CEESP News - by Rosie Cooney, outgoing Chair of the IUCN CEESP/SSC Sustainable Use and Livelihoods Specialist Group (SULi)
Who gets to have a say in how wildlife is conserved? Whose perspectives and interests count?
The illegal wildlife trade (IWT) is one of the world’s largest illegal trades, and at the top of the conservation agenda globally. It is causing dramatic and alarming declines in many species – from pangolins to elephants to orchids and fish, as well as destabilizing regional governance and economies, eroding the natural asset base for local communities, and sparking an increasingly militarized response that is impacting harshly on local people.
Group photo, Community Voices, October 2018 (Jonathan Perugia/Gaia Visual)
Typically the indigenous peoples and local communities that live with wildlife have little say in the initiatives and policy that shape the conservation response on IWT. For some years now, IUCN Sustainable Use and Livelihoods Specialist Group, a joint SG of CEESP and the Species Survival Commission, has been working with key partners the International Institute of Environment and Development (IIED) and TRAFFIC to raise understanding of why it’s important to engage communities in responses to IWT, and leading thinking about how best to do this.
One of our key conclusions and messages for some time has been that effective and equitable responses to poaching for IWT require enabling Indigenous Peoples and Local Communities (IPLCs) to have more and stronger voices at every level on this issue.
Therefore, in early October, as the UK convened the fourth intergovernmental Conference on Illegal Wildlife Trade, we and our partners (those above plus ZSL and FFI) convened the “Community Voices” event. With financial support from UN Environment, the German Partnership Project against Poaching and Illegal Wildlife Trade (implemented by GIZ), and the UK IWT Challenge Fund, we supported almost 40 indigenous and local community representatives from around 25 countries (see Fig 1) to get together (along with around 80 other participants working on this issue from government, NGO and academic sectors) to discuss progress to date on addressing IWT and what changes in direction or additional commitments they thought were necessary (see below for a short summary from the “closed session” of community reps– full report out soon).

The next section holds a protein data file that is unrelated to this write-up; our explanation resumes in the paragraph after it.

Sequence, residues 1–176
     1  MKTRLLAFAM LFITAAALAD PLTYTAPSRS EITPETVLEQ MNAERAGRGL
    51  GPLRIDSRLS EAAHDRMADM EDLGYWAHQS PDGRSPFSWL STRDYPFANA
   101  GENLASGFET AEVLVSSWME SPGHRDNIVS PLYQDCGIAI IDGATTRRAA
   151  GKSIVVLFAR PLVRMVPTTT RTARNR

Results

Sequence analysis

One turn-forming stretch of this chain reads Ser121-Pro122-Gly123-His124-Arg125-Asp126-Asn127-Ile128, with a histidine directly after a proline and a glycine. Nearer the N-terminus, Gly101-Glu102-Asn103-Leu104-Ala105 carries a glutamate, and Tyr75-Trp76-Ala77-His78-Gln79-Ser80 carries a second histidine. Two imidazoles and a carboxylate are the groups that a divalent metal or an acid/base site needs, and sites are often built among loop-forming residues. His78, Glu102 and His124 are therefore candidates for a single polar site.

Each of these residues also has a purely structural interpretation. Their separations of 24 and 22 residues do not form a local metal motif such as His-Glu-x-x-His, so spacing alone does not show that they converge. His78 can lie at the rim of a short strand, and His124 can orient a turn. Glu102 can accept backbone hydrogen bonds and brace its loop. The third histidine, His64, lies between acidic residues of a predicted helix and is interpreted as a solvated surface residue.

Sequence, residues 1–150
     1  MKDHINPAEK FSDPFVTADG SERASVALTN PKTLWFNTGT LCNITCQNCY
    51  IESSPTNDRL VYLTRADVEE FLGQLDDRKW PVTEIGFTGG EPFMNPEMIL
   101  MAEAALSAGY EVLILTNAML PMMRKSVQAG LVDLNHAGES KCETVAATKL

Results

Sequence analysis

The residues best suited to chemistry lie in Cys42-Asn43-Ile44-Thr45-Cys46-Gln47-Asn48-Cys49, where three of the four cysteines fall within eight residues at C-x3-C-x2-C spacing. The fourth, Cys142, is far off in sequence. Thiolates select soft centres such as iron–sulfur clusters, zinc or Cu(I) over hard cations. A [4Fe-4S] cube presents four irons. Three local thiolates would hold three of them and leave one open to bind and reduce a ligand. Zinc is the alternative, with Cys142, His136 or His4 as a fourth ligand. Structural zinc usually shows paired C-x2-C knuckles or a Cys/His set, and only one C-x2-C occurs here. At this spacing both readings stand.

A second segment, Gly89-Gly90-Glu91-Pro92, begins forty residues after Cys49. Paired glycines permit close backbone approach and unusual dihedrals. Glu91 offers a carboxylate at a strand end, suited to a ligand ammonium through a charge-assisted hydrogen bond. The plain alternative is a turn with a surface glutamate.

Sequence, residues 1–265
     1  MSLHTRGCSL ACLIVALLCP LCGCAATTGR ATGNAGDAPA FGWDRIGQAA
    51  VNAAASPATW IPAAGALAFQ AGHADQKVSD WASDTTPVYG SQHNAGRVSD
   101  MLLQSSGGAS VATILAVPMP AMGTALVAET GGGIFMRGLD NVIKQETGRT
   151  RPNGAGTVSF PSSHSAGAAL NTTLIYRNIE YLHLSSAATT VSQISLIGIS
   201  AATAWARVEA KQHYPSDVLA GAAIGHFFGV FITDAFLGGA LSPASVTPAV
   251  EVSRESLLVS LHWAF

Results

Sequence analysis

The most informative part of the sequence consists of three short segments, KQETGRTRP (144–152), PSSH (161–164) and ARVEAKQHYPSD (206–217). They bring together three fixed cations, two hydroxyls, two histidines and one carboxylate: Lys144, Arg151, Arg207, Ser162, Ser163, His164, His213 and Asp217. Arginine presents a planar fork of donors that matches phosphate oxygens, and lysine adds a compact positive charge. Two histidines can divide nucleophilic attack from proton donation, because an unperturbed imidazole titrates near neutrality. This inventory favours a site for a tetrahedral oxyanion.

This message was taken forth by spokesperson Dickson Ole Kaelo from Kenya Wildlife Conservancies Association in a panel discussion in the formal IWT Conference proceedings with rangers and communities (also involving Khalil Karimov of Hunting & Conservation Alliance Tajikistan and Clara Sierra Lucia Diaz from ASOCAIMAN Colombia). Community representatives (Brisetha Hendricks of Namibia, DB Chaudhury of Nepal and George Wambura of Tanzania) were also prominent in a side event we ran on fostering positive community-government relations in relation to IWT.
We were delighted by the success of the event, and feel this has a set an important benchmark for inclusion of community representatives in future discussions on IWT. There is an enormous way to go on this issue, but this was a step in the right direction.
One of the most positive aspects was the friendships and linkages developed by community representatives from divergent backgrounds and geographies – often finding shared issues and priorities popping up in very different contexts. This was one of my last workshops and meetings as SULi Chair as I prepare to step down and hand over at the end of year, and one of the most rewarding.
I may never forget the post-wine-reception bus trip across back to the hotel, where we were regaled by songs in languages from far corners of the earth! I can leave you best with the message from “Community Voices”:
“You cannot save wildlife without the support of the indigenous peoples and the local communities who steward most of the world’s wildlife. A quarter of the world’s land area is owned or managed by communities – more than double the area of national parks.
We are the people who are most affected by the illegal wildlife trade and can be the most powerful force to address this problem. But this will only happen if communities are empowered and can benefit from wildlife.
Far too little attention and funding are being directed to implementing the commitments governments have made to communities to involve them as partners in conservation. This is undermining global efforts to combat poaching.”
Critical commitments from governments are also missing. For the London Conference on Illegal Wildlife Trade to be successful, it is vital that governments:
Recognise and guarantee community rights to land and to manage and benefit from wildlife.
Give status to indigenous and local knowledge in equal measure to scientific knowledge for conserving wild species in the face of combatting the illegal wildlife trade and broader conservation threats.
Include and give an equal voice to communities in international meetings like this and recognise us as equal partners in conserving our wildlife on our land.”